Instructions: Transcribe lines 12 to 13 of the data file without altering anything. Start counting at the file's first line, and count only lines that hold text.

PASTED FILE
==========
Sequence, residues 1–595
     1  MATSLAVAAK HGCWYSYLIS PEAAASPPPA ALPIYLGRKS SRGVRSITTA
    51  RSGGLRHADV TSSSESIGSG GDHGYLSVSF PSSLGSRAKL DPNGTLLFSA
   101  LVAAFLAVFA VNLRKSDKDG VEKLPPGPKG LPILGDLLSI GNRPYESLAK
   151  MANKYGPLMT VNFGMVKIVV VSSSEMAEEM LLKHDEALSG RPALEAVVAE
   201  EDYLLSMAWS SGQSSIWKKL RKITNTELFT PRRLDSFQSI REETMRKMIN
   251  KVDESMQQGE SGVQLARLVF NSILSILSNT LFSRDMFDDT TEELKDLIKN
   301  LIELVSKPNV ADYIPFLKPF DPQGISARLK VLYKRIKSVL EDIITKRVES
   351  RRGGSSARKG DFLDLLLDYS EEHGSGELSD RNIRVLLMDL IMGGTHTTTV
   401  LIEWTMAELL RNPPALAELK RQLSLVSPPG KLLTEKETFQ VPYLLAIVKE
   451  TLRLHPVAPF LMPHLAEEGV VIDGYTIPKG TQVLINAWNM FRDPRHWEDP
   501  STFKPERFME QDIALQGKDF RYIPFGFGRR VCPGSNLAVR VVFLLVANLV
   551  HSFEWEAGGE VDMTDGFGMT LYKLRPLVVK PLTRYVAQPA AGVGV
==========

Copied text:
   501  STFKPERFME QDIALQGKDF RYIPFGFGRR VCPGSNLAVR VVFLLVANLV
   551  HSFEWEAGGE VDMTDGFGMT LYKLRPLVVK PLTRYVAQPA AGVGV